Georgia had its runoff for the U.S. Senate last week to settle things between Republican incumbent Saxby Chambliss and Democratic challenger Jim Martin.
It was to answer whether the Democrats would edge closer to a filibuster-proof Senate or whether Republicans could stop the bleeding.
So there'll be no filibuster-proof Senate. Republicans aren't hemorrhaging at the moment, though Al Franken still wields a dull knife in Minnesota.
The temptation is great to draw overly sweeping conclusions from this insular exercise in a Southern state. In fact, the temptation is entirely too great to resist.
Let us jump to two conclusions:
-- So much for the permanent realignment supposedly occurring from Barack Obama's victory.
-- It's Sarah Palin's Republican Party now, no matter what publications she reads or doesn't, no matter how much got spent on her clothes, no matter how much policy information is unknown to her, no matter whether she shows up next on "Dancing with the Stars," which probably isn't out of the question.
What happened a month ago was that Chambliss, a heavily favored one-term Republican incumbent in a conservative Republican Dixie state, didn't quite get 50 percent in a three-person race. There was a Libertarian gumming up the works. Chambliss got 49.8 percent and Jim Martin 46.8 percent.
Meantime, John McCain won the state, but, at 52-47 over Obama, by less than people thought. This time they couldn't quite call Georgia as red at poll-closing time. Georgia bears certain characteristics akin to those of Obama-carrying Virginia and North Carolina. It has had a significant influx of suburbanites from other states who have changed the demographic to give moderate Democrats a fighting chance, or so some thought.
With black voters turning out at record levels, and with young people energized for Obama, and with greater percentages of white suburbanites finding Democrats palatable, Martin rode Obama's coat-tails to Chambliss' heels. But in a month's time, in a head-to-head battle against Martin with Obama off the ballot and otherwise busy cramming to take over a nation in crisis, Chambliss kicked Martin by what's generally called a landslide.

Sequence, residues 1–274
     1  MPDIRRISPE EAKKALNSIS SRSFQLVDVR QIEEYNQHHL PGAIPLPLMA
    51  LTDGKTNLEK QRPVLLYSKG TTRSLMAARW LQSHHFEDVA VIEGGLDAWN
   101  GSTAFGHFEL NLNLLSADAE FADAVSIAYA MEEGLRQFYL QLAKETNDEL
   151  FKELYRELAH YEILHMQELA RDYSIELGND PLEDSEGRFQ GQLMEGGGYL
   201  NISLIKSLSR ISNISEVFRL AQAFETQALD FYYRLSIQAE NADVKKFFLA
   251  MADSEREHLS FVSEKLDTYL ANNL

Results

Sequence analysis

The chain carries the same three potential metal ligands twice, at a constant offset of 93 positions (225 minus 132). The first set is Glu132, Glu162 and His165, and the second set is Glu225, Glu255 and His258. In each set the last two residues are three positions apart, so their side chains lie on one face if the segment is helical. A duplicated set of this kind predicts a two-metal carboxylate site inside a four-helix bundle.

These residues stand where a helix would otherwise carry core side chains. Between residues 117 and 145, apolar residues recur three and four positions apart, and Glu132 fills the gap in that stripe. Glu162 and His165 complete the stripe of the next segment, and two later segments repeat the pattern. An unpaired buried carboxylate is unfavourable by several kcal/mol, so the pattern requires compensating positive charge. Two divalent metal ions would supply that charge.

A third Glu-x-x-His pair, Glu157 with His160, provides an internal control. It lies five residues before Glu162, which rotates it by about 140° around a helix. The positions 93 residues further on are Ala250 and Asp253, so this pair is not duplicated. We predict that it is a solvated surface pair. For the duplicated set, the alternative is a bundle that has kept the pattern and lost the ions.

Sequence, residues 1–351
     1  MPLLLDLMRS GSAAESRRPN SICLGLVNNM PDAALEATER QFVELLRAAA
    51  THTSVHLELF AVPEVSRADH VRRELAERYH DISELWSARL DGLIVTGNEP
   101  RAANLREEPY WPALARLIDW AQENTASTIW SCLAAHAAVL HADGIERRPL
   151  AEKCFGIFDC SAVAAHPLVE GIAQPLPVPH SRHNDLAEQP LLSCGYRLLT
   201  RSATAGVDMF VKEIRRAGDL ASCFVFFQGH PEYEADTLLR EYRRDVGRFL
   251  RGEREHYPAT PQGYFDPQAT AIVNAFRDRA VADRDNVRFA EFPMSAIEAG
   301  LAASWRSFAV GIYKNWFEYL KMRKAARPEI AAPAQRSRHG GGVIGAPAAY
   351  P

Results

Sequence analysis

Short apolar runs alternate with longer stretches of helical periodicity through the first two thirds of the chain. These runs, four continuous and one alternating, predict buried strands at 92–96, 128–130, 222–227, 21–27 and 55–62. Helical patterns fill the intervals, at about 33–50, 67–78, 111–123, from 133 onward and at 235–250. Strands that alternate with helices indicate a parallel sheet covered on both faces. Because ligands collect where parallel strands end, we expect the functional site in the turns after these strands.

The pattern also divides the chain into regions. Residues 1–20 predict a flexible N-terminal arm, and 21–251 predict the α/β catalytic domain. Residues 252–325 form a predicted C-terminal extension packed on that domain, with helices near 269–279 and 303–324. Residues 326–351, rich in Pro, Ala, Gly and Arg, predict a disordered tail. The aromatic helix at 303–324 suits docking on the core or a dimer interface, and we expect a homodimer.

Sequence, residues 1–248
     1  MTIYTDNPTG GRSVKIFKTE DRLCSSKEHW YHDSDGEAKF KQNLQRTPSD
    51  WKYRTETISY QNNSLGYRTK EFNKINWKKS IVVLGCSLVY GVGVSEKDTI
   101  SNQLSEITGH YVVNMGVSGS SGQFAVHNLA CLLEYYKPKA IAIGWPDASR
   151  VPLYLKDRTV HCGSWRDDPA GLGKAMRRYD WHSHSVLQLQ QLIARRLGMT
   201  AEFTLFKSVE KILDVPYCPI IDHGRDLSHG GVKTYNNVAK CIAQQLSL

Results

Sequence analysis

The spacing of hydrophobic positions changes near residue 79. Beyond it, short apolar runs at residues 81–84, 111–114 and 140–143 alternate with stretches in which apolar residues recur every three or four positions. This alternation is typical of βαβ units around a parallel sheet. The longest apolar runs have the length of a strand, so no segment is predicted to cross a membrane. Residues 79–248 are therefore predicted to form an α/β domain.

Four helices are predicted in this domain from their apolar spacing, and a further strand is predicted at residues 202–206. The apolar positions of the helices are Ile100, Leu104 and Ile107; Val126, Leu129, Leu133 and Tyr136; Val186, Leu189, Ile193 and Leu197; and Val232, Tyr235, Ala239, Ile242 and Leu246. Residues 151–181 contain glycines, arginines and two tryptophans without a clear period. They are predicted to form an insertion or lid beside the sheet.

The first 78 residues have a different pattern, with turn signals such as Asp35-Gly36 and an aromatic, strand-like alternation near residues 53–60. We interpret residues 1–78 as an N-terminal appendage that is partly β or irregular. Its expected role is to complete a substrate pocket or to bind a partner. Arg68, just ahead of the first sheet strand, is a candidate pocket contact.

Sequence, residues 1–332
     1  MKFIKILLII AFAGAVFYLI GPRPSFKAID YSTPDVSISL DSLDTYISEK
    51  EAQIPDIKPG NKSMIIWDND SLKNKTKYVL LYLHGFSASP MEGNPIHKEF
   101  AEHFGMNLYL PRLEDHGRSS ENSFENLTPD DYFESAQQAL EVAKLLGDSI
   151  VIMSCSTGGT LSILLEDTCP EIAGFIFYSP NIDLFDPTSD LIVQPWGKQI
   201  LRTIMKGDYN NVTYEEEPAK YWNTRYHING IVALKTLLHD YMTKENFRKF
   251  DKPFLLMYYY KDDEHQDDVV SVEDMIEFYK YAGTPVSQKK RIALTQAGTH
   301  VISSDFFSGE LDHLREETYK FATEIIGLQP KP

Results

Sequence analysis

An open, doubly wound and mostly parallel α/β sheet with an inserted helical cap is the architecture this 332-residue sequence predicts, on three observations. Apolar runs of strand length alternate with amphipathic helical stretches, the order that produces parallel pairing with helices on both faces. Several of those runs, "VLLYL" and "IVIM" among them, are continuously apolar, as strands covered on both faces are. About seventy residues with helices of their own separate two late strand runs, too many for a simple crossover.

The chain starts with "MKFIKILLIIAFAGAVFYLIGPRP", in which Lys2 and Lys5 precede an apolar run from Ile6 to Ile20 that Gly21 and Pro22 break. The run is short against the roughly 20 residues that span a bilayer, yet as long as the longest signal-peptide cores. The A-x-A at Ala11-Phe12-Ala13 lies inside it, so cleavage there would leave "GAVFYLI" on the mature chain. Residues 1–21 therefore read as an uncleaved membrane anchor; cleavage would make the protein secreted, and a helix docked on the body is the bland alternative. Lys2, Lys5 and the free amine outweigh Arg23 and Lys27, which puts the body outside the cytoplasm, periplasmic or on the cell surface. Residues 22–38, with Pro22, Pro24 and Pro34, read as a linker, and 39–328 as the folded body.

Chambliss' voters came back to the polls. Martin's, which were only Obama's, didn't. That left the same old Georgia.
We can quantify this: Absent Obama and the singular frenzy over him and the presidential race, the Republican in Georgia gained a little more than 7 percent, from 49.8 to 57, while the Democrats lost nearly 4 percent, from 46.8 to 43.
If wins in presidential races meant political realignment, then Jimmy Carter would have fashioned one and Clinton, too.
Obama's win had to do with a collapsed economy and an unpopular war. It had to do with McCain's poor performance. It had to do with Obama's discipline and with uncommon excitement about Obama.
But, alas, Georgia remains red. And I rather think Virginia, North Carolina and Indiana are still red, or reddish, day to day as well.
Now as to Palin: One need only refer to Chambliss' own explanation for his victory, or at least the 14-point margin. He said Palin did it by coming in at the end like a rock star to carry him to the finish line, sometimes barely able to deliver her remarks for the prolonged wild cheering of fanatics in the Republican base.
McCain, Mike Huckabee, Rudy Giuliani and Mitt Romney -- they came to Georgia for Chambliss, too. Chambliss thanked them. He credited Palin.
So with no real realignment for Obama and with Palin a rock star, well, let's not get way ahead of ourselves. Obama might actually succeed in the presidency. That's how realignment occurs, anyway. And it happens to be what the nation desperately needs.
John Brummett, an award-winning columnist for the Arkansas News Bureau in Little Rock, is author of "High Wire," a book about Bill Clinton's first year as president. His e-mail address is jbrummett@ arkansasnews.com.